Thursday, November 1, 2012

Truck Driver Shortage

I predicted this some time ago - well it's been a couple of years anyway - and that prediction is coming to see the light of day.  The Federal Government has been increasing regulatory interference on truck drivers for decades.  But the enactment of CSA 2010 was a completely different ball field, a game that veteran drivers haven't seen before, much less participated in and MUCH less wanted ANYTHING to do with.

Truck drivers getting a warning instead of a ticket will, by the company they are driving for and because of the new regulations, be viewed as having received a ticket.  The reason being is that the more warnings or tickets that drivers receive under this new system, the more scrutiny the Feds will put on any given company.  If it gets to "intervention" phase, it could include an entire fleet being shut down by the Federal government.

So, trucking companies or companies that have their own fleets of trucks to deliver the goods they sell are now compelled to get rid of drivers that get tickets or warnings.  That's all nice and fine, but as the pool of drivers shrinks - much having to do with older drivers getting out of it after being in the profession for 2 or 3 or even 4 decades - now what?  The news stories have been the same for a couple of years now: trucking has little appeal to the younger generation.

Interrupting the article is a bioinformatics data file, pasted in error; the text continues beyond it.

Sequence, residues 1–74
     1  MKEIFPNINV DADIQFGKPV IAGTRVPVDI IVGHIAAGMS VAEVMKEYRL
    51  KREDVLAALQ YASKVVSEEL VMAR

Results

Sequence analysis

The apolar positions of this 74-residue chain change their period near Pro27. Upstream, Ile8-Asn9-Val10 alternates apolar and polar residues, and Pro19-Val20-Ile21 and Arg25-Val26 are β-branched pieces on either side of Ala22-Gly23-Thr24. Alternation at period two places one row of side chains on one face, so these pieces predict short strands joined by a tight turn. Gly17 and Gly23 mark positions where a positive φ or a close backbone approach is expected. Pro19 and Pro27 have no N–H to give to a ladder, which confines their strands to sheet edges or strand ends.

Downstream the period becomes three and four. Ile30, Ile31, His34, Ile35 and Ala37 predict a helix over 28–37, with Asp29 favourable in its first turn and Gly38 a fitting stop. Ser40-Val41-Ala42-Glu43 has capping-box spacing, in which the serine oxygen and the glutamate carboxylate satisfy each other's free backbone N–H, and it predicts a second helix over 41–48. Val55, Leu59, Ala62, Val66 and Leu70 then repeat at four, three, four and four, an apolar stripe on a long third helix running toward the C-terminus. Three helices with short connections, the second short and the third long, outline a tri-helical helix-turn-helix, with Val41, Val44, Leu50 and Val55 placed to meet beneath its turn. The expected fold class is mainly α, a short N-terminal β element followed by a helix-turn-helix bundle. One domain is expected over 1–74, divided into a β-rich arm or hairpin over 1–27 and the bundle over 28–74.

Truck drivers are mostly despised as ignorant.  We are too stupid to find "real" employment, so we reverted to driving trucks to make a living. We are treated like dogs*** in traffic.  When you tell someone who asks you are a truck driver, \you far-more-often-than-not get a sneer, a look, conjecture that what you are doing with your life is a complete waste.

We truck drivers won't have to do a complete shutdown of trucks for a week or however long to make a point.  The time is coming or perhaps already here that you are going to start paying more at the grocery store and everywhere else because of shortage of truck drivers.  It will slowly get worse over time unless something is done about it.  99% chance that nothing will be done about it until it becomes a severe problem  - store shelves are empty and gas station holding tanks aren't being refilled.  I give it 5 more years, max, before this issue becomes a national debate.

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